Financing activities

This section shows financing activities related to cash flows. These may include cash borrowed from banks, equity and debt issuance, stock repurchases, debt repayment and dividends paid. In addition, loans borrowed to finance activities are listed in this section.

Example of a cash flow statement

Figures for JTech2 Company to determine cash and cash equivalents:

Operating activities = £40,000

Investing activities = (£19,000)

Financing activities = (£11,000)

JTech2 Company
Cash Flow Statement (in millions of pounds)

Operating ActivitiesNet income50,000Depreciation12,000Changes in Operational Working Capital2,000All Other Items-(Net)(24,000)Operating Activities Net Cash40,000Investing ActivitiesAdditional Assets(20,500)Sales and Returns of Investment6,000Additional Investments(9,500)Other Investment Activities5,000Investing Activities Net Cash(19,000)Financing ActivitiesShort-term and long-term debt(4,000)Cash Dividends(8,600)Common Stock Acquisition1,600Net Cash - Financing Activities(11,000)Cash and Cash Equivalents(increase)10,000Cash and Cash Equivalents (at the opening of the Period)7,500Cash and Cash Equivalents (at the end of Period)17,500Related: What is basic accounting (principles, jobs and education)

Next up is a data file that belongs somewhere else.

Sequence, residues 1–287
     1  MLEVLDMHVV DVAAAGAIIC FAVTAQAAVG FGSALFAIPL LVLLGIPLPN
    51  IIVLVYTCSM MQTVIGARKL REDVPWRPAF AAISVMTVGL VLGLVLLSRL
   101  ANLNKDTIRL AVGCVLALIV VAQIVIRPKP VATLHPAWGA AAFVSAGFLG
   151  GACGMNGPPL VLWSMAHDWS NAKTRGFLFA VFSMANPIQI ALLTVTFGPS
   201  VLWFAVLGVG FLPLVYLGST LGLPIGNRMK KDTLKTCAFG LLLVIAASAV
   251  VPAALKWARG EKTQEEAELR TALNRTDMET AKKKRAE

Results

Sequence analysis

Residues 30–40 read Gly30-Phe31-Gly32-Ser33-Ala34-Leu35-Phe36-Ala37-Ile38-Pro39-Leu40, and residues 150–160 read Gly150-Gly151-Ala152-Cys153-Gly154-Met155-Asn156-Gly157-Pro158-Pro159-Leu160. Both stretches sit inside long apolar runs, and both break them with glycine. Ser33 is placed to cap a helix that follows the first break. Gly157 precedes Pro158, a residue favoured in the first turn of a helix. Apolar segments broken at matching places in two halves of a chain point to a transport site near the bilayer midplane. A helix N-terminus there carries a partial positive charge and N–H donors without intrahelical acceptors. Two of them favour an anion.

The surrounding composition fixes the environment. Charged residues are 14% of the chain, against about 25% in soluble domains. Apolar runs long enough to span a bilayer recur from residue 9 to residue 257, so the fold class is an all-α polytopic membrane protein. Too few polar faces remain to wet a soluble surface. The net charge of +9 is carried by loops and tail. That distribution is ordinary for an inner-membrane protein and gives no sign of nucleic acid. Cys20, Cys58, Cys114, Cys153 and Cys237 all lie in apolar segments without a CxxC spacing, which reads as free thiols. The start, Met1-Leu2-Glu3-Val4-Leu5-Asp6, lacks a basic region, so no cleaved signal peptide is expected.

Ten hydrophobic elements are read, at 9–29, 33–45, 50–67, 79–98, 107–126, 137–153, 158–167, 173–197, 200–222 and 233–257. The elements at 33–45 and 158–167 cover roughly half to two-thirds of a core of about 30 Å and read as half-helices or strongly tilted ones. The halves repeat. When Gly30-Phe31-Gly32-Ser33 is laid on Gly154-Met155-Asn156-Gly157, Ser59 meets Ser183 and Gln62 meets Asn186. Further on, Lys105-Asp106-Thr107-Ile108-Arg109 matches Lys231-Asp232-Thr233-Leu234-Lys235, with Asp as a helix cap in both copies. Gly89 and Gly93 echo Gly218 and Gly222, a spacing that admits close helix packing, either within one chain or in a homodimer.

4. Statement of shareholders' equity

The statement of shareholders' equity derives data from the balance sheet to provide more information on the value of shareholders' equity changes during a specific period. You can determine shareholder equity by deducting the total liabilities from total assets. Also, you can get this by adding share capital, retained earnings and fewer treasury shares. This helps you to know the company's value after paying out investors and stockholders. Positive shareholder equity implies assets can cover its liabilities, whereas negative shareholders' equity causes concern since the liabilities exceed the assets. The report includes retained earnings, outstanding shares and paid-in capital additions.

Please note that none of the companies mentioned in this article are affiliated with Indeed.

Explore more articles